I wanted to address the bi-erasure in the book. This is an issue I’ve seen in many other reviews and one that I was aware of before reading. While I had heard about it, I didn’t realize the depth until about 2/3 through. And when I realized, my jaw kind of dropped. I think what is the most potentially harmful is that one of the characters really adamantly, maybe out of denial, the possibility of a bisexual identity. One of the main characters is set in her identity as a lesbian and denies her feelings for her male best friend – without talking about the possibility of being bisexual until very late in the book. I think if these feelings hadn’t gone so deeply “being a lesbian and therefore not interested in her best friend”, or been literally yelled in my ear, then it wouldn’t have been so shocking.
I think this has the potential to be harmful and hurtful, especially considering how important the nature of fluid sexuality is throughout the book. And the rest of the book is incredibly feminist and aware throughout. Almost how I’d imagine some teens are growing up now. Whereas when I was growing up there were no labels, no open talks, and things were more confusing for me.
So given all these circumstances, it is shocking. And I wanted to talk about it here so you were as aware as I was going in.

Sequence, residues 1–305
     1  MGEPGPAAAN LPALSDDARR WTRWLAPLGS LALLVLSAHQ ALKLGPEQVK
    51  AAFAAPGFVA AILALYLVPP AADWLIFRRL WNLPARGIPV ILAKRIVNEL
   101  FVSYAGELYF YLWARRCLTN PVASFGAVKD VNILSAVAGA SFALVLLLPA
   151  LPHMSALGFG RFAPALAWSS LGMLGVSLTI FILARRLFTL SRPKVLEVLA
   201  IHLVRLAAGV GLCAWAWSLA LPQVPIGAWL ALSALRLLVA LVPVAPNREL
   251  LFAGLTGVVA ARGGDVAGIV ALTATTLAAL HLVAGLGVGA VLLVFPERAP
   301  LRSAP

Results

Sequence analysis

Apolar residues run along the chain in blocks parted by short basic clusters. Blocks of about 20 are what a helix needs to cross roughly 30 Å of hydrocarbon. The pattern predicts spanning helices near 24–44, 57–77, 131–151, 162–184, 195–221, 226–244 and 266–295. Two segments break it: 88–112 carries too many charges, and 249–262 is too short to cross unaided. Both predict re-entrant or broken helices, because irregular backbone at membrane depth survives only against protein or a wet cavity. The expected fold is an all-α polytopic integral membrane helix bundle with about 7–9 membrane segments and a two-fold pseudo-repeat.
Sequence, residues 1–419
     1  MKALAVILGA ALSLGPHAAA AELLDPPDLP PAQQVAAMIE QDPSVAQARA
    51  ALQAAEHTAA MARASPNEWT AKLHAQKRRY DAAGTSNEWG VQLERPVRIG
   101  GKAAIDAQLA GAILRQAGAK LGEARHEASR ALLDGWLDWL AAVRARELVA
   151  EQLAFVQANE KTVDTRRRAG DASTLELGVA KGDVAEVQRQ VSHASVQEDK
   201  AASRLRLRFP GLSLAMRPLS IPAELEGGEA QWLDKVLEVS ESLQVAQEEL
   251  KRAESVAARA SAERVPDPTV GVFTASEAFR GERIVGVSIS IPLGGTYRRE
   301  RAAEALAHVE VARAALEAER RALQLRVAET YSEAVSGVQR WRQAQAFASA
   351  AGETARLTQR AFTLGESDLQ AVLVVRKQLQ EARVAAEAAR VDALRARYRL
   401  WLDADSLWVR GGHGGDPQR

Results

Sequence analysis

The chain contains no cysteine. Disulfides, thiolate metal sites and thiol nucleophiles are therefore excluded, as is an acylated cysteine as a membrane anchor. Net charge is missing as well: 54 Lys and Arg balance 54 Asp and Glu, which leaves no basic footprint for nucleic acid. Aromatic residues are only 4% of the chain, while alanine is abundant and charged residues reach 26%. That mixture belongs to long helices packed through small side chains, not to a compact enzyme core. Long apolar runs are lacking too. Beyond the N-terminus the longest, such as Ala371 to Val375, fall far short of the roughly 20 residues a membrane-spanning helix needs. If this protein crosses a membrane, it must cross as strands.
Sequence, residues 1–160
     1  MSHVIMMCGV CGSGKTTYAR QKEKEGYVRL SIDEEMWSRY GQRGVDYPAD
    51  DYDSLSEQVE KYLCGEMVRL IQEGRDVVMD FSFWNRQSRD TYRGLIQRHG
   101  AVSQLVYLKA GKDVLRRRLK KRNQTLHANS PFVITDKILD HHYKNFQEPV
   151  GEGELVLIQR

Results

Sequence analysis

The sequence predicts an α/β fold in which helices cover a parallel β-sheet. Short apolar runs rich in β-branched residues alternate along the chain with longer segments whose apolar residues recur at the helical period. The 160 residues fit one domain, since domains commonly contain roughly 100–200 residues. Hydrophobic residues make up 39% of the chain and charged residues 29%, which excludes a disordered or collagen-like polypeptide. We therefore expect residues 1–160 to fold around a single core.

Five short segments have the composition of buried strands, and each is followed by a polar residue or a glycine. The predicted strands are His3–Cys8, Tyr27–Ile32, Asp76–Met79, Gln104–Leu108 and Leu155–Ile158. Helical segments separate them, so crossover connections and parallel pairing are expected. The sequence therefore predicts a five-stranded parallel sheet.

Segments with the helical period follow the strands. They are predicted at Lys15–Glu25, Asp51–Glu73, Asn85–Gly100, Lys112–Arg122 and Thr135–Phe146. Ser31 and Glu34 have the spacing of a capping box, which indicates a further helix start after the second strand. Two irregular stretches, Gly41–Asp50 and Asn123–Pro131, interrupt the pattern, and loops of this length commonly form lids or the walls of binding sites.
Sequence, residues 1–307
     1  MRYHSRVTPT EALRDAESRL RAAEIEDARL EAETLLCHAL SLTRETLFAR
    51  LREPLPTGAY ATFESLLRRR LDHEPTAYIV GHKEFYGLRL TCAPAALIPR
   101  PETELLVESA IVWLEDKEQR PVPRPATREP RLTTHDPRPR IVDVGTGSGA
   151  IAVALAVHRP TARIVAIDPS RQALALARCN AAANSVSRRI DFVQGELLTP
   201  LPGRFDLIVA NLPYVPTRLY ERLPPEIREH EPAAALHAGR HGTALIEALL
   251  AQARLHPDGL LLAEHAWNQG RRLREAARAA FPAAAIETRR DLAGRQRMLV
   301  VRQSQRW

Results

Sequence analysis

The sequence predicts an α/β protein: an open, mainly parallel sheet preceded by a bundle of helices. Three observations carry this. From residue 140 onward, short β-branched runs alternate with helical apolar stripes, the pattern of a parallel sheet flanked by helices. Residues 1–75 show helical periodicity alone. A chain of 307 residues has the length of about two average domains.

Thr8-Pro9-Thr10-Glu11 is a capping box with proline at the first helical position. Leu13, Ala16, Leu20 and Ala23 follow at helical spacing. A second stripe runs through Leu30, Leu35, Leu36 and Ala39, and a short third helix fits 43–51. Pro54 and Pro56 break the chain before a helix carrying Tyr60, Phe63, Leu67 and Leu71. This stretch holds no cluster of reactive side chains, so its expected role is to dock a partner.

Odd One Out
I love titles that just perfectly summarize parts of the book. Throughout Odd One Out, each of these characters have moments where they feel like the odd one out. Whether it be when you feel like the third wheel of a friendship, or biracial, or knowing that your opinions and views single you out – we all have these sore spots. Just like how I feel about being adopted. This quiet, silent, and invisible part of my identity that changes almost every other piece of myself: home, my physical appearance, my family.
I think growing up, Rae would have been the character I identify more with. Afraid of letting people down and always putting on a happy face, Rae is the character of my high school. I wish I had read Odd One Out as a teen, because I think her journey would have resonated deeply with me. Even if the labels didn’t line up. Feeling like the minority growing up, and not being able to have anyone to talk to, always feeling like people would leave.
Whereas now, I identified more with Jupiter and her struggles to navigate her feelings and identity. Jupiter’s spunk, feminism, and fire is who I wish I could have been more like in high school. Which is why I identify more with her now.
For me, Odd One Out is a book that provided me with questioning rep. It’s a book I resonated with because it affirmed something I forget often, is that it’s okay to navigate, challenge, and alter our own identities. Also I adore seeing all those people of color on the cover. Odd One Out is a book that pokes at the vulnerable spots, shows you the messy knots, and confronts our fears. It’s a book about when we can’t tell people the truth, confront ourselves at the most vulnerable spot , and when we won’t even admit the truth to ourselves.